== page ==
Detroit Lions: 4 Free-Agent Running Back Targets
The position of running back has evolved over the years.
As recently as five years ago, the idea was to have one work horse back that essentially carried the load for the entire season.
Sure, there have been other evolutions in the position. Roger Craig of San Fransisco ushered in an era of running backs that could be used as receivers out of the backfield. Barry Sanders showed us that you didn't have to be as tall as Eric Dickerson or O.J. Simpson in order to dominate. And Christian Okoye made the bruising back cool again.
But through all of those different types of backs, each was his team's primary back. It was routine for running backs to carry the ball over 300 times in a season.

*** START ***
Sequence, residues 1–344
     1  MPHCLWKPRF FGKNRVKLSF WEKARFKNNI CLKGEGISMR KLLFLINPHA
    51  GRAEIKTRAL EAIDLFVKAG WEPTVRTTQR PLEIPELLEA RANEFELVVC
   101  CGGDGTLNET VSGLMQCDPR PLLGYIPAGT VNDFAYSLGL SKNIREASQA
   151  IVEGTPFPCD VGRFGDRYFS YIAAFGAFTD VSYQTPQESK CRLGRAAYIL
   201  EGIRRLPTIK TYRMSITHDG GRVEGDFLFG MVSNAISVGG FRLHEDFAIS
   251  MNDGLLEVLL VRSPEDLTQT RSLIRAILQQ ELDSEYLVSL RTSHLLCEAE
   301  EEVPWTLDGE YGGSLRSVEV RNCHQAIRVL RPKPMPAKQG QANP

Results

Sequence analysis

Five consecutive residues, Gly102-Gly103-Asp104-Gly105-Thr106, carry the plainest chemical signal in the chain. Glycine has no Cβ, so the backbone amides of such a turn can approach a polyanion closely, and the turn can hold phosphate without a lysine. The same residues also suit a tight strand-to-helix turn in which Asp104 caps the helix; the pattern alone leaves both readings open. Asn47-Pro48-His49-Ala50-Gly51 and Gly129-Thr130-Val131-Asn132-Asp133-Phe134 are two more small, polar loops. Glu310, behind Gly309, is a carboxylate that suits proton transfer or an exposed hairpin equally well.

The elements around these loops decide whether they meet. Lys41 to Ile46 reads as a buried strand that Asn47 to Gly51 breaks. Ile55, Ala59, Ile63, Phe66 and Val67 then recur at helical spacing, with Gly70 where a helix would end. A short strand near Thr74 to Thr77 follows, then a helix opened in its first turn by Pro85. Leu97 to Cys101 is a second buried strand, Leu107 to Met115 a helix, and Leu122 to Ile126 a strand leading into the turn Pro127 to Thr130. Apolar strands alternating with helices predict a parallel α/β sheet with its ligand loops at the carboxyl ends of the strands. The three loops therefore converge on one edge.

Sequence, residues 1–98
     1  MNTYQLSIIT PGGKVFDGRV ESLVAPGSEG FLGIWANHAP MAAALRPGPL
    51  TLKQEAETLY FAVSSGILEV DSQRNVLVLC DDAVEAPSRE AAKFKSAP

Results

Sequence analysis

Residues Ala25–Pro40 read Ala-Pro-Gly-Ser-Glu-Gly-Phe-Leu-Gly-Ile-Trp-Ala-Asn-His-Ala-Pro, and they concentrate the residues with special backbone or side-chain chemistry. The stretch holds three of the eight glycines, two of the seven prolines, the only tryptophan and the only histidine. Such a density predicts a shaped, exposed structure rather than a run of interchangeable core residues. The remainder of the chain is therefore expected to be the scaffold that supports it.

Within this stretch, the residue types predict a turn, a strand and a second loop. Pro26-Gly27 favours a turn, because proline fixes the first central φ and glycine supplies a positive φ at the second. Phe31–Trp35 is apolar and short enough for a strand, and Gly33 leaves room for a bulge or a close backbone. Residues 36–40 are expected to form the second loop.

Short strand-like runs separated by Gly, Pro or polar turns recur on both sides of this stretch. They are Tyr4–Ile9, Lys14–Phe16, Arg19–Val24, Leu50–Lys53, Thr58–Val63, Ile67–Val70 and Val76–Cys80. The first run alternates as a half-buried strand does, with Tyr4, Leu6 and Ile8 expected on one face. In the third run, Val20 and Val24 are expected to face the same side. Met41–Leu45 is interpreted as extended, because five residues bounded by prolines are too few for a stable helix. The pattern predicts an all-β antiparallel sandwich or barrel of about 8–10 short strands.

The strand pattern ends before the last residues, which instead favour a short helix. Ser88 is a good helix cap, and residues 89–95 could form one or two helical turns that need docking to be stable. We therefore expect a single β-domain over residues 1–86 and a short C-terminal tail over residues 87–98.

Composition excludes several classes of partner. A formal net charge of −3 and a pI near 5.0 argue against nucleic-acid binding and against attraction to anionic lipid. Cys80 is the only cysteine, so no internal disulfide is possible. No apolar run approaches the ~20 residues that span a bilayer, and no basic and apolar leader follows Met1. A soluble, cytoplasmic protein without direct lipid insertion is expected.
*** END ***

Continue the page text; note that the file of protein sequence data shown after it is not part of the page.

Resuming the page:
But there were a few huge drawbacks to this plan.
One, teams were easier to plan for. In the 1990s, teams could beat Detroit if they could slow down Sanders. Sure, that is easier said than done, but that was the main reason that the Lions only won one playoff game during Sanders' career.
Two, if your back gets hurt, your entire season went up in smoke.
Three, backs had an incredibly short career. Remember Okoye, Curt Warner or Joe Morris? These guys were backs with epic talent that ran out of gas way before their time.
So with the new running back by committee idea, teams are protecting themselves in a myriad of ways. Furthermore, it makes drafting a running back in the high rounds much less important.
This brings me to my point.
The Detroit Lions had one of the worst running attacks in football last year. They were a completely one-dimensional team. Obviously, they won in spite of this, and plenty of teams have in recent years.
But we saw the drawbacks to this as well. In short-yardage situations, the Lions put quarterback Matthew Stafford in danger because defenses could pin their ears back and blitz without fear of a running attack.